In this step-by-step tutorial, you’ll learn how to take advantage of Apple’s True Tone technology to make images on the Retina display and Touch Bar of your 2018 MacBook Pro appear more natural and match the ambient light, which helps reduce eyestrain.
The United States Patent & Trademark Office (USPTO) today awarded Apple a patent describing a process for embedding light-sensing sensors into a mobile display. The invention, titled “Electronic devices with display-integrated light sensors,” potentially paves the way for next year’s iPhone.
Apple’s new patent specifically mentions the ambient light and proximity sensors, which are found on the front face of the device, as being integrated into the display assembly.
According to KGI Securities analyst Ming-Chi Kuo and pundits in the know, like Daring Fireball’s John Gruber, the iPhone 8—or whatever a 2017 iPhone (or Tenth Anniversary iPhone) ends up being called—should be a major design departure from prior models as it would supposedly get rid of the chin and forehead bezels by integrating Touch ID and the front-camera along with other sensors directly into the display.
From time to time I’ve been known to question the idea of jailbreaking my iOS device. I tend to waffle back in forth between loving it and being a little ho-hum on the idea.
Make no mistake, I’ll likely always be a jailbreaker as long as its possible, but using a jailbreak on my daily driver is something different altogether. Right now, my jailbreak has been relegated to my iPhone 6 Plus, my test device; but tweaks like Flash make me wish I still had Cydia on my main device.
Flash is a clever jailbreak tweak that presents a flashlight shortcut on your Lock screen when the iPhone’s Ambient Light Sensor detects you’re in a dark environment. Watch our video inside to see it in action.
Apple’s fifth-gen iPod touch is unable to automatically adjust brightness of the display depending on your environment because engineers unexplicitly dropped the ambient light sensor from the device. This eyebrow-raising omission is that more puzzling knowing all prior iPod touch versions had that sensor, a common feature on iPhones and iPads as well.
News of this ‘discovery’ propagated throughout the Interwebs today, but our own Jeff Benjamin made a mention of the lack of ambient light sensor in his video review of the new iPod touch from three days ago…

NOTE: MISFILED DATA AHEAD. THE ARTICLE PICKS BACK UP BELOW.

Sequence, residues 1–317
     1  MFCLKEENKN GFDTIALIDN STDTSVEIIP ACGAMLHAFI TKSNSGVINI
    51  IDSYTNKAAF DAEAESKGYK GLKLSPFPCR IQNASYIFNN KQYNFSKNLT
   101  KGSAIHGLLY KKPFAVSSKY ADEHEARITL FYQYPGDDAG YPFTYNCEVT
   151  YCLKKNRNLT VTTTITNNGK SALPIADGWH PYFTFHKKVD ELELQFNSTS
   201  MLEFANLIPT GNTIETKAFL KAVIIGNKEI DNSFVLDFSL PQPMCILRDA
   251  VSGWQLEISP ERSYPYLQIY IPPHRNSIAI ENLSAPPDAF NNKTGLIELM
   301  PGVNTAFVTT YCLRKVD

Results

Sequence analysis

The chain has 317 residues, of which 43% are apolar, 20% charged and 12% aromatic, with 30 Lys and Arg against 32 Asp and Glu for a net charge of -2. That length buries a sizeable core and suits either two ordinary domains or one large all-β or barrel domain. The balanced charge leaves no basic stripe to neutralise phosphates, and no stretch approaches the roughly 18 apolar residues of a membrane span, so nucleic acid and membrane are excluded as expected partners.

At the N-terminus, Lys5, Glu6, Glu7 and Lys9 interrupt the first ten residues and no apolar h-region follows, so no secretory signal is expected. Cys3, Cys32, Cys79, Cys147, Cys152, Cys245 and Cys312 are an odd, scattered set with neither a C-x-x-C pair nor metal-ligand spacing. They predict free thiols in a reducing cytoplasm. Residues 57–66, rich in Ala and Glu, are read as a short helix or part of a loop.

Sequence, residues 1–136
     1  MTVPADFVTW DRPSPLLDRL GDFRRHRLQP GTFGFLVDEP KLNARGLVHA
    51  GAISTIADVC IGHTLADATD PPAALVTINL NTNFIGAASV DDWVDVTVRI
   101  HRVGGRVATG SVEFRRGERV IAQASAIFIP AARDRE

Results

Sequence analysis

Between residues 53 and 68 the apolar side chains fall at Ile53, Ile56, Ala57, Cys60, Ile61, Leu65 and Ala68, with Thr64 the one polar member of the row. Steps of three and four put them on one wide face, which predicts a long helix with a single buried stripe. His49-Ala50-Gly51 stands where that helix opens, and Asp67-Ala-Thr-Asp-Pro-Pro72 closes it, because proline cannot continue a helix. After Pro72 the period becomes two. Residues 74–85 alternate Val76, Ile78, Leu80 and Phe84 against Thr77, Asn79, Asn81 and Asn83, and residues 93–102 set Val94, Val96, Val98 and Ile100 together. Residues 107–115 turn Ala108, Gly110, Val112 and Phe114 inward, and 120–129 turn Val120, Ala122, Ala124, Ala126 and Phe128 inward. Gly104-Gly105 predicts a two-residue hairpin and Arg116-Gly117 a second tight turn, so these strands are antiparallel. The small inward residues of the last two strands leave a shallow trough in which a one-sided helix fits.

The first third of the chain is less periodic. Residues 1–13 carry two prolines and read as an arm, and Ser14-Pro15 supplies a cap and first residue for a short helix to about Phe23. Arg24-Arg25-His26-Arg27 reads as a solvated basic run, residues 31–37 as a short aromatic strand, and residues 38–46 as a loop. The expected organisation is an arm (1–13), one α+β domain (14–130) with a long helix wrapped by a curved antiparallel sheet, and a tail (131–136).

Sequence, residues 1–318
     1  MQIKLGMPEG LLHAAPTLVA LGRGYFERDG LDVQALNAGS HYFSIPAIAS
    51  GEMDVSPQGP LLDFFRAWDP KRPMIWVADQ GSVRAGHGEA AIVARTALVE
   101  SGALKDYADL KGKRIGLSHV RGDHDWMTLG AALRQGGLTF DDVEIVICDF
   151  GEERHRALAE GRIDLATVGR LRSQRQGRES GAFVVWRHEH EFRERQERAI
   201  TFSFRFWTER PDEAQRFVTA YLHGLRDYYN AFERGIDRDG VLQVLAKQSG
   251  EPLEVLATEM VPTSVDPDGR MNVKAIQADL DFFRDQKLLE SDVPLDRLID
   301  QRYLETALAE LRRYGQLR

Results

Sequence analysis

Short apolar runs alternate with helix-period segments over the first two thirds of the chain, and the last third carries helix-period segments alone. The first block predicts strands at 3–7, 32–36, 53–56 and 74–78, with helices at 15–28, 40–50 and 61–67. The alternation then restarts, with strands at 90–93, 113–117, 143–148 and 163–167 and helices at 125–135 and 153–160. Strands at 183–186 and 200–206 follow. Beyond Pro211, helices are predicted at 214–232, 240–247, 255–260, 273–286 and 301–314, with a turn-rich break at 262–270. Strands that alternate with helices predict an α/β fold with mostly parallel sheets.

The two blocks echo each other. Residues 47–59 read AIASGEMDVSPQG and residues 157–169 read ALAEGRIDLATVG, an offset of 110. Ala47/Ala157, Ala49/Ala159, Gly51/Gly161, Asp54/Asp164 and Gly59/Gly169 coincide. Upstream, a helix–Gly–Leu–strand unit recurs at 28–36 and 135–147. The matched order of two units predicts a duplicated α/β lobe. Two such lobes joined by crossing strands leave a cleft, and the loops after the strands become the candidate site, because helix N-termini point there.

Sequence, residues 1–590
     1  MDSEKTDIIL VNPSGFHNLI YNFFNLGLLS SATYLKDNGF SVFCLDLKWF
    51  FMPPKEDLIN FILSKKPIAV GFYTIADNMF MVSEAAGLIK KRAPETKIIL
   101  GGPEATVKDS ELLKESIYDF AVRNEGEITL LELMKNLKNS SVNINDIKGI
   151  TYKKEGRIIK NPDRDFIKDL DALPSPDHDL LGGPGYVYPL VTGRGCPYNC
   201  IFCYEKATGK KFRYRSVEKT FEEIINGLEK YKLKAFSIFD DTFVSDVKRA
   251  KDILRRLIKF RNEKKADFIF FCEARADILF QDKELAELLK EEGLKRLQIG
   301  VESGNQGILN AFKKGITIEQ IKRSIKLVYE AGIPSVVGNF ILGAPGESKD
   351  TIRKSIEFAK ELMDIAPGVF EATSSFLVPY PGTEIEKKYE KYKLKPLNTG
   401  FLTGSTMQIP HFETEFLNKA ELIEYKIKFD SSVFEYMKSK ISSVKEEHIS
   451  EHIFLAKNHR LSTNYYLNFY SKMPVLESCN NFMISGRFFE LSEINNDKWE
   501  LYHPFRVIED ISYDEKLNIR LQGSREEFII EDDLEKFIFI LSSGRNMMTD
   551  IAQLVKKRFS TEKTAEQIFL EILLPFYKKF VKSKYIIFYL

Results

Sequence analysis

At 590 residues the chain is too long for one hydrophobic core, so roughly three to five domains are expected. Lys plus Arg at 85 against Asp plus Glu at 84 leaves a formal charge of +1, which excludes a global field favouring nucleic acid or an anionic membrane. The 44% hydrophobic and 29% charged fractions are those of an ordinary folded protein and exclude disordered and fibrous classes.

One of the main complaints I get about iOS is that it’s getting boring (these people are obviously not jailbreaking). And to be fair, the platform hasn’t really changed much since it was introduced back in 2007.
But maybe Apple’s finally looking to switch things up. We’ve already seen some cool new tweaks in iOS 6, like the auto-tilting sliders. And now the word is, we could be in for some even bigger UI changes…
As if the iPhone 4 needed any more publicity, the device is about to get some intergalactic marketing. Cult of Mac is reporting that a pair of iPhone 4s running research software are headed for the International Space Station next month.
The 2 devices are set to launch into the stratosphere on July 8, and will be running SpaceLab software. The iOS app will help the ISS crew determine their relative position in space as well as aid in several experiments. Want to get hands on with the app?
According to a new report from DigiTimes, Apple is on the lookout for a new supplier for the iPhone ambient light sensor. For those unaware, the ambient light sensor detects the light in the room and alters the screen brightness accordingly. Apple is allegedly unhappy with the current ambient light sensor supplier and has started to explore other suppliers for future iPhones’. The report states that Apple is currently in talks with two different Taiwan-based companies: Integrated Memory Logic (iML) and Capella Microsystems. Capella is reported to already have shipped out several of its products to Apple for verification. Capella currently provides over one million ambient-light sensors a month to Taiwanese handset manufacturer, HTC.